This was their promise to their son as they let him go, as he was lost to them: that he would be found, that he was deeply loved.
This was their sacred gift to us who witnessed this love in the letting go: such Grace will lead us all home.
14 thoughts on “Being Led Home”
I don’t comment as much as I consider, Dear Emily, simply because the other viewers might tire of my saying over and over and over how wonderfully you write, but some are worth the risk!! 🙂 This IS wonderfully written! And thank you for the verse in Amazing Grace I didn’t know; as a kid in church, we sang three verses and I’m not sure I ever looked at the hymnal as, by the time I learned to read, I had memorized the three verses we sang. So now I have a fourth verse!!
Heartbreaking and healing. I remember the lone piper playing Amazing Grace at my father’s funeral. Yes. The promise of finding each other again in God’s presence. The Grace that leads us home.
Dr. Emily, the portrait that you have so graphically painted here through your expert crafting of knowing prose is a sad, haunting description of a beautiful death…
…the painful but necessary permission that the young man’s father whispered to his son to “let go,” that it was okay to leave, that they would see him again, that they knew where he could be found…These words, and the mother’s comforting caressing of the body that she bore twenty years ago, were not only a testimony of the parents’ profound faith and trust in a loving, unseen God but were an indelible witness to their son’s young friends and to all who gathered there to say their goodbyes…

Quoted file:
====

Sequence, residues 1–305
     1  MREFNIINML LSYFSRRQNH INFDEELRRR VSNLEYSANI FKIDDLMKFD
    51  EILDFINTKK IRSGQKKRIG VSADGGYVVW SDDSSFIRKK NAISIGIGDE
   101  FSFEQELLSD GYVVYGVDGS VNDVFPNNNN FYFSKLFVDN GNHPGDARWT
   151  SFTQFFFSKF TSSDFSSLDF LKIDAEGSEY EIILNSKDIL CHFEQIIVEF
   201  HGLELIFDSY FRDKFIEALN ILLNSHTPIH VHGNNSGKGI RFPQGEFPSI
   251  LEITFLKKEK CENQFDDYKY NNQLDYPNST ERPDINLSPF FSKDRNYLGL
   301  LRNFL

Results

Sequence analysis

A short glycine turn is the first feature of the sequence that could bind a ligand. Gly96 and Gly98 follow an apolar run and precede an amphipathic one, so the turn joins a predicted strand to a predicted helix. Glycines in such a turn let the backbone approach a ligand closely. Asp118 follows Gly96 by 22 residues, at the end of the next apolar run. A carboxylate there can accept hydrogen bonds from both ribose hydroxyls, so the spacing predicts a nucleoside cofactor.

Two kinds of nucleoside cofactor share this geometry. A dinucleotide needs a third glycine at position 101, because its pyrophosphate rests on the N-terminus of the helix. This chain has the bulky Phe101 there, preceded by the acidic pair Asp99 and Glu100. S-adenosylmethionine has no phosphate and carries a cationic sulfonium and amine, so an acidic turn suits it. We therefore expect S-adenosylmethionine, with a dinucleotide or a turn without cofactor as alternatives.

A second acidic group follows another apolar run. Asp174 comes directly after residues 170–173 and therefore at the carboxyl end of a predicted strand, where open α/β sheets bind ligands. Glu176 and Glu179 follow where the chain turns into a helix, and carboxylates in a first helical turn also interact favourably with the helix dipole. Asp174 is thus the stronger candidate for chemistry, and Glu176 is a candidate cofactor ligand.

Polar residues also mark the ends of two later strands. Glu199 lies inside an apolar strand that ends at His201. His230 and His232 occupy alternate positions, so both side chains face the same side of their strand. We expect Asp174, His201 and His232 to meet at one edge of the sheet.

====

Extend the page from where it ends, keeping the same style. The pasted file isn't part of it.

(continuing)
…the reaction of the attending staff, losing the battle that they had so strongly waged…some releasing their pent up sorrow with tears not often seen in those who witness such scenes often in an ICU…
…relating the words and the import of Newton’s “Amazing Grace” to the young man’s death as he passed through the invisible veil and slipped into eternity and is lead “home”…
…John Scholten’s exquisite photo of the leaf leaving its mooring on the tree’s branch, falling slowly and silently to the earth, becoming one with the soil around the place from which it sprang, in time to rise again in the tree’s budding re-growth in the Spring when all becomes new again…
Emily, what a sad story, beautifully told. It’s the young ones that hurt the most, that’s for sure. Thank you.
Oh, wow. Sitting here in sudden floods of tears. What an extraordinary moment. Thank you for sharing it. xox
Oh Bill, I never tire of hearing from you! There are actually two more verses I didn’t include so there is more richness out there.
On Thu, Jan 31, 2013 at 8:36 PM, Barnstorming
I know you see this far more than I do. It’s been five years since we lost this one and I still can’t start February without thinking of him.
On Thu, Jan 31, 2013 at 11:24 PM, Barnstorming
This family showed me how love makes such horrendous loss an act of grace.
Thank you, Alice. You have articulated so well the impact this had on so many people.
On Thu, Jan 31, 2013 at 11:06 PM, Barnstorming
“This was their promise to their son as they let him go, as he was lost to them: that he would be found, that he was deeply loved. This was their sacred gift to us who witnessed this love in the letting go: such Grace will lead us all home.”
Thank you so much for this. I am approaching the anniversaries of the untimely loss of two of my brothers. Love spans all times and things.
may you have serenity in the memory of your losses. It is indeed the Love that allows us to feel peace.
Sweet grace just to hear this account again.
Thank you for your kind words, Emily. . .
Reblogged this on Witnesses to Hope and commented:
I love this doctor . . .